Online Piracy in Latin America: Half of South American Internet Users Steal Media: Report
When you think of online piracy, the first image that comes to mind is probably of American teenagers in their dorm rooms, bittorrenting Hollywood movies. "Widespread" piracy, meanwhile, perhaps connotes a visual of bootleg DVDs being hawked on the streets of Shanghai. But perhaps it'd be more accurate to think of an average Chilean family sitting down to watch TV.
That's because in Latin America's Southern Hemisphere, online piracy is more common than anywhere else, according to a new, first-of-its-kind comprehensive report studying the phenomenon in South America.
The report, "South America Television Piracy Landscape," was commissioned by copyright TV industry group Alianza and carried out by online researcher NetNames, which analyzed data from Argentina, Brazil, Chile, Colombia, Ecuador, Peru, Paraguay, Uruguay and Venezuela. Alianza released the report this month (via TorrentFreak).
The study found that nearly half of all Internet users in the region have used pirating sites or services.
And while the sheer amount of traffic used for piracy in South America pales in comparison with totals from other regions of the world, the widespread popularity of pirating for the average connected Latin American -- concurrent with the rise of connectivity in the region -- poses a daunting challenge for the entertainment industry.
The Pirates of Latin America
Key findings of the South American piracy study present a picture of technologically well-versed Internet users using a variety of methods to get video and audio content online that either costs money they're unwilling to pay, or isn't readily available through more legitimate means.
"The South American Piracy universe is estimated to be made up of 110.5 million individual users across the cyberlocker, peer-to-peer and Live IPTV rebroadcasting ecosystems," the study found. "In context of the wider South American Internet usage, this represents around half of the total estimated regional Internet audience of 222.3 million users, and demonstrates the appetite for infringing content, despite an Internet infrastructure that remains underdeveloped in many regions."
In other words, despite the relative scarcity of connections, bandwidth, and devices, South Americans that are online are showing an impressive capability to use myriad systems to obtain and share pirated media -- and a widespread proclivity to do so.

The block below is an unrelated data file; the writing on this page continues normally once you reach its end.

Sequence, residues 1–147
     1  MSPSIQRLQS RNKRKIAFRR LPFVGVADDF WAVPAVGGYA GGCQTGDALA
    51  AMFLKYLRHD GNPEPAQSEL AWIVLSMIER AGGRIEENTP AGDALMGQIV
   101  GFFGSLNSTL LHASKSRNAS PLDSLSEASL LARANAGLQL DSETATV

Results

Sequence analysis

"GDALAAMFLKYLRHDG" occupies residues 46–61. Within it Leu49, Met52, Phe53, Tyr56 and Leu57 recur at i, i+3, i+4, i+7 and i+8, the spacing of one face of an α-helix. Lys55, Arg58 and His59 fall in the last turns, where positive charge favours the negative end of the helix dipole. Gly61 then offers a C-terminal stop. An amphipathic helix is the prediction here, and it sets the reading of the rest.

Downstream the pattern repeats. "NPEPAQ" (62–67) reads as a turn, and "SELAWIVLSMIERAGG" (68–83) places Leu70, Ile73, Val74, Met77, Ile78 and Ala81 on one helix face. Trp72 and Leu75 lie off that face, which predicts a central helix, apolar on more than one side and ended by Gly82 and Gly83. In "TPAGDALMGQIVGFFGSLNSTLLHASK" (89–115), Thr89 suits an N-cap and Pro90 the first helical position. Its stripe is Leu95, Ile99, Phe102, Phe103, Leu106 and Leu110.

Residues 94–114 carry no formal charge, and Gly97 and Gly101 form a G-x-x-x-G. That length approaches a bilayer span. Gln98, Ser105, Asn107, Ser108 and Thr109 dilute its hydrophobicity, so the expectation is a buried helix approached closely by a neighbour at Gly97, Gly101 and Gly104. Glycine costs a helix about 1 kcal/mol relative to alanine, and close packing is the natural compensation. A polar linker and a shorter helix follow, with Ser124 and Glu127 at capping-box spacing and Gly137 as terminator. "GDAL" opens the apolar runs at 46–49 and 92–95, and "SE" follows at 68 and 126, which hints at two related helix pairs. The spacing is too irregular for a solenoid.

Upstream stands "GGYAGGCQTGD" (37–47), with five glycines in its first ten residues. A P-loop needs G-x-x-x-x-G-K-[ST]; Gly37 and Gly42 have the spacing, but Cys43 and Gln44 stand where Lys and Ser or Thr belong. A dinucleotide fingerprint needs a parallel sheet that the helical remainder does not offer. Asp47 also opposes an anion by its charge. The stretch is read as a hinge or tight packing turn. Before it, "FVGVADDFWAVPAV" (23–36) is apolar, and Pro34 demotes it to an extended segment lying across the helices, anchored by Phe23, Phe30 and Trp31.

Unlike the rest of the world, where BitTorrent has become the standard tool for pirates, South American piracy is more likely to occur from direct download sites.
Peer-to-peer transfers require higher bandwidth for optimal transfers, which could be a reason why South American pirates seem to prefer cyberlockers and other more direct avenues.
In fact, connections with cyberlockers (i.e., file-sharing hosts; think Megaupload) accounted for more than half of South America's piracy traffic, according to the study, at 442 petabytes per year for approximately 62.7 million unique users. That's about 28 percent of all South Americans with Internet connections.
Peer-to-peer networks, meanwhile, generated 265 petabytes per year of cyber piracy, while pirated live IPTV broadcasts accounted for 82 petabytes per year in the region. About 46.1 million unique users engaged in P2P piracy (about 20 percent of the region's Internet population), while 8.8 million unique users (four percent) streamed unauthorized live TV rebroadcasts online.
Put together that's 789 petabytes per year in South America from individuals engaging in online piracy, or the equivalent of 2.3 million gigabytes per day.
A Cultural Challenge to Media, Gatekeepers
The significance of these figures isn't found in the totals of data traffic -- file sharing in the U.S. generates more traffic in a month than it does yearly in South America -- but rather in the overall cultural inclination of pirating media.
The Internet is rapidly growing in Latin America ("cures for piracy" like Netflix and Spotify have been available in most of the region for more than a few years, for example). But its expansion is still happening unevenly, in fits and starts.
Hampered by an underdeveloped infrastructure, more limited connectivity, and low, or expensive bandwidth, South American pirates have proved to be resourceful and flexible in how they obtain media online. And the act of piracy is arguably an accepted norm, even if an unspoken one that's officially prohibited.
With this culture in place with half of those who are already connected, NetNames sees the inevitable continued expansion of Internet availability and bandwidth in South America as a threat to copyright holders and broadcasters -- many of whom commissioned the report and will undoubtedly use it to back their lobbying efforts with local governments.
"As Internet infrastructure improves across the region, infringing bandwidth usage is likely to grow significantly, absent any major technical or legal developments and presents challenges not only to rights holders but to those ISPs and other network operators tasked with delivering access to this content," concluded the report.
That more access automatically means more piracy is an assumption, but it's clearly based on a lot of evidence.
Perhaps with more access -- and especially cheaper access, South America could have its "Netflix" moment. With approximately 1.5 billion viewing hours in the region being spent on pirated media annually, at least the industry has proof that the appetite for digital entertainment is quite healthy in that market.
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